No. Austria uses lex sanguinis (ie. citizenship by descent, so you are the nationality/nationalities that your parents are) and therefore you are the nationality that your parents hold. In my case, my first child was born in Austria to a Briton and a Russian, and therefore had claims to British and Russian.
We did not exercise the claim to Russian, since he would have lost Russian citizenship automatically when my wife naturalised as an Austrian, as Russians don’t allow the retention of Russian citizenship by minors of parents renouncing their Russian citizenship.
Were the child’s mother or father to be Austrian, the child can of course take Austrian citizenship (as was the case of my second and third children, who were Austrian by birth) by descent (durch Abstammung) and are treated as Austrian from birth. To note is that this also applies even if the parent through whom they have a claim to Austrian citizenship has only been naturalised shortly prior to their birth (in my case, I was an Austrian citizen for only 57 days before the twins were born).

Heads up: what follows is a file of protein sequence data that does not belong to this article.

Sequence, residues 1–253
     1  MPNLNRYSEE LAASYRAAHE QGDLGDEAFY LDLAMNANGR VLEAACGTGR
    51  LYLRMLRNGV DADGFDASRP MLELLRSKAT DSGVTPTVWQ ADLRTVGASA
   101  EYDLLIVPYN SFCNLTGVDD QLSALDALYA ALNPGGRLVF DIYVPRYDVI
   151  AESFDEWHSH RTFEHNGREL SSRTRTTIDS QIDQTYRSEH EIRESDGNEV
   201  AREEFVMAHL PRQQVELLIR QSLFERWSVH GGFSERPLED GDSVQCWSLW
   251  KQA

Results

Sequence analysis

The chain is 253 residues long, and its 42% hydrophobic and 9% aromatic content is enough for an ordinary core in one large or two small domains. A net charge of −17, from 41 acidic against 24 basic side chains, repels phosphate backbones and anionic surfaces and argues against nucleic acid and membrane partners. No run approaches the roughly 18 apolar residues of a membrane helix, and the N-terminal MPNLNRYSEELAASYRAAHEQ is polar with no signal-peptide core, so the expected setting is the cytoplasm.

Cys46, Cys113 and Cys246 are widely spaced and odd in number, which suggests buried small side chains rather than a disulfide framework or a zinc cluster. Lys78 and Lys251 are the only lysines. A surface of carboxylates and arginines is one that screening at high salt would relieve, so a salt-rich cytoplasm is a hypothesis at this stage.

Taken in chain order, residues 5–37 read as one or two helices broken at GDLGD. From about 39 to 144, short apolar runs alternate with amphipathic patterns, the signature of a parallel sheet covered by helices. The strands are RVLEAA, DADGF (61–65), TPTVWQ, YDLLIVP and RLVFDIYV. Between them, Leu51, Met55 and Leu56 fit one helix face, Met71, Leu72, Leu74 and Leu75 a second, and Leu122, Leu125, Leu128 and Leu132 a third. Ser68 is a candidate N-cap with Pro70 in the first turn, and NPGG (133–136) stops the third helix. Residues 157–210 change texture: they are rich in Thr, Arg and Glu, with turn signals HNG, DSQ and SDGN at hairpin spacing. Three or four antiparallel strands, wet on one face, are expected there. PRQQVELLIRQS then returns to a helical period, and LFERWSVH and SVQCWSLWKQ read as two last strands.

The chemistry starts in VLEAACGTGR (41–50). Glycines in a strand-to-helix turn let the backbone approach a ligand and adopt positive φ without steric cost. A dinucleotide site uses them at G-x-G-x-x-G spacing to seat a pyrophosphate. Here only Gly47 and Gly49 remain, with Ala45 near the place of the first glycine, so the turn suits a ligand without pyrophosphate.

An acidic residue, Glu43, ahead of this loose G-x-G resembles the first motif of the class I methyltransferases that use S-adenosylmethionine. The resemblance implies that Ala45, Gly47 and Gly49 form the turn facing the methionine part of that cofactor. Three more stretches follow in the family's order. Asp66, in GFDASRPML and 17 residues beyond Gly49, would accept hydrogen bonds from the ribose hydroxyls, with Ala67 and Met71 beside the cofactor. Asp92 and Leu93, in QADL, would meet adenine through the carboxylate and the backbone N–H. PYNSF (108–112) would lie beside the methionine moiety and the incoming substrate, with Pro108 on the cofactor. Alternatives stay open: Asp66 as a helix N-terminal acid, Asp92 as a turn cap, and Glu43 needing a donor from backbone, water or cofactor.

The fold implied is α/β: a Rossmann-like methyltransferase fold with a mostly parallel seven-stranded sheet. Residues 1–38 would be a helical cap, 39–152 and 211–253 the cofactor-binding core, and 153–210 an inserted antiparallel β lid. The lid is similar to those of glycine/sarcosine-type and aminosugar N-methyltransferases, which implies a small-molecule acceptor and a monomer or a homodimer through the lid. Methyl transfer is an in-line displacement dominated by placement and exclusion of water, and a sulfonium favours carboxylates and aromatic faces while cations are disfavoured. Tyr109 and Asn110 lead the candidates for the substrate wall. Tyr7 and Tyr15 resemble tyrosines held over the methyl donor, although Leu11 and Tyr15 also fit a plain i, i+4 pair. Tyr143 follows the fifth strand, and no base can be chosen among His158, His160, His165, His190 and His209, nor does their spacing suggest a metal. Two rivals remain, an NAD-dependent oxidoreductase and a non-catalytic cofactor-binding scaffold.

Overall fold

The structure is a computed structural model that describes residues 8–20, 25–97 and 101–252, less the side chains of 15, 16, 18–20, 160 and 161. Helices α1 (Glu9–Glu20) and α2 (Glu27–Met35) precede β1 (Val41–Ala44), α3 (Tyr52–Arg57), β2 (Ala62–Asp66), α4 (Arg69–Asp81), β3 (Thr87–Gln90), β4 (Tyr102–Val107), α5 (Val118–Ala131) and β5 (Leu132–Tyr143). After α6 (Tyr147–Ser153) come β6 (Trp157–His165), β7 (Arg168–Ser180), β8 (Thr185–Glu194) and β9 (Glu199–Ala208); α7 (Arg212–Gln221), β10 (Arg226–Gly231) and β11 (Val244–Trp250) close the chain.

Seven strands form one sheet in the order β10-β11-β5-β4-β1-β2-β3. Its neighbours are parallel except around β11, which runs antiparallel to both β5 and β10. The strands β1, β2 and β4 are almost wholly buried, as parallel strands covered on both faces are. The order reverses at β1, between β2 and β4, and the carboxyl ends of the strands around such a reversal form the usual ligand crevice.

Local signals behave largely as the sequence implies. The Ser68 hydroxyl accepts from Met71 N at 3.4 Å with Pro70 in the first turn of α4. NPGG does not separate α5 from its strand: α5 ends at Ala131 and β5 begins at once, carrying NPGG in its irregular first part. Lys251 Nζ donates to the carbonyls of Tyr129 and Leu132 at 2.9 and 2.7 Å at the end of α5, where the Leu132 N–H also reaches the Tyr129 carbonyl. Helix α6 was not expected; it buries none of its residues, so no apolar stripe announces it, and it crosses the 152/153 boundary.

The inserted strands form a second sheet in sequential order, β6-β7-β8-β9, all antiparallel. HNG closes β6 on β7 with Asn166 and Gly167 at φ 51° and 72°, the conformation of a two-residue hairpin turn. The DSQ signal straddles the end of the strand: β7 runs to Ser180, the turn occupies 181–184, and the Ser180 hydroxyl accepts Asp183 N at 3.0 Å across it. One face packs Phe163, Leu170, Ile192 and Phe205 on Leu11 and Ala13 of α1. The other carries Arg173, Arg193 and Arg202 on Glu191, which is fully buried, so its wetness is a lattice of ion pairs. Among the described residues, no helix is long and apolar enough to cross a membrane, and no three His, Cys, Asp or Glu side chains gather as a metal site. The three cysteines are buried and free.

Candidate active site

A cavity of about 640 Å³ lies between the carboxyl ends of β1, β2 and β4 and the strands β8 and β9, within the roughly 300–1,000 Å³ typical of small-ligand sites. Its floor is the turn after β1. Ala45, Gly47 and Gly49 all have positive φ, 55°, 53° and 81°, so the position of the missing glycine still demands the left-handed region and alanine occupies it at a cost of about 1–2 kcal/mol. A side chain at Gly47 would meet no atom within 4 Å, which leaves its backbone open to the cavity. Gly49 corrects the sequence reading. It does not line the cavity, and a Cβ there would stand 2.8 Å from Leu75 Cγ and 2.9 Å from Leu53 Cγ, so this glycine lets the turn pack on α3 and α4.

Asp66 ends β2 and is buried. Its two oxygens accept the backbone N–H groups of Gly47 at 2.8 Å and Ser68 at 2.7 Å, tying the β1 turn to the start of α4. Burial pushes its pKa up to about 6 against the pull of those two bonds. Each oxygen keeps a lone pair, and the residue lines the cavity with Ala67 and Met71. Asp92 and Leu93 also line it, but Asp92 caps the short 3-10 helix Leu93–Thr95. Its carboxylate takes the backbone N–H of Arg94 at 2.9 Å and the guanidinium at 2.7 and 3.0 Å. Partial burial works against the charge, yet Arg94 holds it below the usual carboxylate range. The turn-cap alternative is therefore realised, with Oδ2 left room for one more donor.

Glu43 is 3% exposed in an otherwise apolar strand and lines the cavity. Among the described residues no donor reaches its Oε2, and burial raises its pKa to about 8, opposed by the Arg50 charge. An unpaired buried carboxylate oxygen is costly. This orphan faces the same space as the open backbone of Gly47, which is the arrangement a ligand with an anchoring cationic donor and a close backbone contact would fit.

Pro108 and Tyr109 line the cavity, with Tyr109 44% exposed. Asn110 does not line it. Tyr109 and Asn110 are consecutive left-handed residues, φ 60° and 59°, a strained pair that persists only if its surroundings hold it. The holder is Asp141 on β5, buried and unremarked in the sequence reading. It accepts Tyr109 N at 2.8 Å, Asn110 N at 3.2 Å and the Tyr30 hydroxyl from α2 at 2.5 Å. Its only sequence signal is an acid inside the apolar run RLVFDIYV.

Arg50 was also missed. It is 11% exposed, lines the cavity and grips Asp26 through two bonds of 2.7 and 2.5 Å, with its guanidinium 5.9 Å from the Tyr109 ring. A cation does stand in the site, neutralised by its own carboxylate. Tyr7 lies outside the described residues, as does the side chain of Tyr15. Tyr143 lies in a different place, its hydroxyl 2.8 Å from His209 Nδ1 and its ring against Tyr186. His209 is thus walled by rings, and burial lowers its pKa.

In the event of the child’s parent through whom they have the claim to Austrian citizenship (most likely to be the father logically) dies prior to their birth, provided that at the time of death the parent was Austrian they would have a claim to Austrian citizenship.
NB: currently under British law, a child who is only British by descent (ie. my son through me, who was born in Vienna) is unable to pass on his/her British citizenship to his children by descent unless they were to be born on British soil, or in the event that they would be otherwise stateless, were this the case for both parents.